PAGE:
Sunday Supper

by JW Mark

"This air has soupy thickness. I'm getting sick, I know I am," I think just to myself. Looking outwards through the window, Mom is bouncing up and down, the plastic bag held in her hands and its contents slowly gagging forth a clustered multicolored mass- yellow plastic cup, red cardboard case, the orange-red candy wrappers bent to billion tiny wrinkles. Another Sunday supper tossed.

"Your throat is dry," I think and inventory the meal and heat and stale air. Of the slick throat greasy burger and the French fry-milkshake gel that somewhere sits inside myself. Working backwards I recall it- the food in wrapper format, first dry and warm, then salty, greasy, gliding down into some deeper place near my center. "I feel sick" I think, "I need some air," perhaps a breath or two will make this ache just go away. "Just breathe, you need to breathe," I think in hopes to button recollections of a meal now held inside, "Just let it sit. Just let it sit," in hope to cull a trick in which this quezzieness will go away.

"What did I eat?" I wonder, as I laugh inside and wonder to myself, "Did I forget?" content and with my hands I rub the fleshy cushion of my gut. Somewhere below that spongy mass lingers on in waiting- all that other held inside a world where guts of goo and wired red connections chew and gobble more. Pathways red and tubular- the network of my being. I rub my rising stomach and try to feel the digestion as it happens. What gobbling sleight-of-hand plays out inside that hidden place?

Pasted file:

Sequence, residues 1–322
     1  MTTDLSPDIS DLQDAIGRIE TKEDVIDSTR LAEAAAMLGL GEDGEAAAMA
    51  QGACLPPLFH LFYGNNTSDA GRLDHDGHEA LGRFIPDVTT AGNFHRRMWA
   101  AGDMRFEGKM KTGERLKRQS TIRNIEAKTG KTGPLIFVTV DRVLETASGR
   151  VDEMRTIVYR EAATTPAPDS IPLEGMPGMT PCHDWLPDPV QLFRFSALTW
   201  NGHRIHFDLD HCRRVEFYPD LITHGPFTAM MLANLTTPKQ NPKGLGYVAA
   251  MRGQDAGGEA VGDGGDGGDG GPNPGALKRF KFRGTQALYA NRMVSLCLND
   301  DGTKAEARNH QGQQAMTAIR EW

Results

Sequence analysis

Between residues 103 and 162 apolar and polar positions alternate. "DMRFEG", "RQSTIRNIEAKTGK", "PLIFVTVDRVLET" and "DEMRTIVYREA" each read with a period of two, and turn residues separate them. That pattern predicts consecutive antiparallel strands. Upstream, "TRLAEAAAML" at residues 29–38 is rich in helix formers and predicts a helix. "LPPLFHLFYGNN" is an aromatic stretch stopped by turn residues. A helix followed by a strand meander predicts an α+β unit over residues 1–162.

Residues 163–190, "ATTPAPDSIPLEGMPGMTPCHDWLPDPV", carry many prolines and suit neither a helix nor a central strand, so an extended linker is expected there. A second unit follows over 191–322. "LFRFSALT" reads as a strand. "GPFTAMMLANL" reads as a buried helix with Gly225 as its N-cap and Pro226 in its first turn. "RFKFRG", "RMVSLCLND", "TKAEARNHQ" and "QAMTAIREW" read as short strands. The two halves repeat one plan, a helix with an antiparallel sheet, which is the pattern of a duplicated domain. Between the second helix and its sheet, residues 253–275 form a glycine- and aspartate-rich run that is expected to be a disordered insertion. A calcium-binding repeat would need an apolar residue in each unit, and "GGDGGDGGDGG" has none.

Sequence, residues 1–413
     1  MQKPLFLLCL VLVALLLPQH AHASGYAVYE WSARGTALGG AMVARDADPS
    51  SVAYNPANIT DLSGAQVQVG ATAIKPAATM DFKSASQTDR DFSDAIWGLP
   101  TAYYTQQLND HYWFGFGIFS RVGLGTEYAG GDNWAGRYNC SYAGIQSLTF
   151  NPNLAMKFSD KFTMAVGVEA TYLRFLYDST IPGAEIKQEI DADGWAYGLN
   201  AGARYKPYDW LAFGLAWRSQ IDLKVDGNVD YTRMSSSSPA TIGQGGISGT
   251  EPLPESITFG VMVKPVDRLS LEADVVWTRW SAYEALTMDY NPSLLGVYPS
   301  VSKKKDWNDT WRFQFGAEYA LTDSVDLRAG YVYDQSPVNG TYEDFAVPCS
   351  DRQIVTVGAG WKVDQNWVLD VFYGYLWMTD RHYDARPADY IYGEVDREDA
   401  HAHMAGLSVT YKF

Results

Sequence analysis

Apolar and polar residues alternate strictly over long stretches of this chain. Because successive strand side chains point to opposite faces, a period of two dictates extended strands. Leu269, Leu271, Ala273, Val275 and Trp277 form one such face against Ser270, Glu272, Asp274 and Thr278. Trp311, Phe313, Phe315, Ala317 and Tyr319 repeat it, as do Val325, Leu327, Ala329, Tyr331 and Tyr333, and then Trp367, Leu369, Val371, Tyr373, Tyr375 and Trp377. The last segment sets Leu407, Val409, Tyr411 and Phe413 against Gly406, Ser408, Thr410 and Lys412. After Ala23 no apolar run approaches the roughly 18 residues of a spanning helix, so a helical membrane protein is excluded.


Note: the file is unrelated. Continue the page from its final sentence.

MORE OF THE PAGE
What a wonder world my stomach is! Beneath my skin a factory for my being- plant of purpose, mill of life force- is there an industry of life inside? Is it tall and black and greasy with my whole life's world collected? Does a crew wake up and dress themselves, fretting duties to the silent art that hangs inside their dwellings? Are the paintings hung reflections of my life, my sights and dreams and fantasies? Do these women and these men plod off in anger of their duty? Do they chew my meals in bubbled halls? Are they happy when they swim back home in vessels of my blood stream? Do they cruise internal highways?

"What did I eat?" I wonder once again. What makes me think these things? "Too hot! I'm way too warm," I think, and wonder if its heat that makes my brain dream up these crazy things. "Do burgers dream inside my gut?" Looking forward for my sister, twisting eyeballs to her snoring nose and then I find her facing back, asleep and vacant in Sunday snooze. "Greasy burgers make her fly," Mom says, "always have and always will." And its just like every Sunday- sister fast asleep and Mom just smiling with a grin that seems to never go away. Another Sunday supper tossed.

"Tomorrow's Monday," I remind myself, recalling of the pit gut lull of school walks, empty hallways, pimpled faces tucked inside arm pits. And of my clothing and my scent, they smirk and say inside their shoulders, "She lives inside a car," though in whispers meant to hide it but I hear it and the laughs reminding me I'm different. And they point and smirk and talk and squeal and watch me slink inside my horror, digging deeper down inside my soul and all the more the Quasimodo girl I start to think that hope is just a slogan. "Can hope be just a slogan?"

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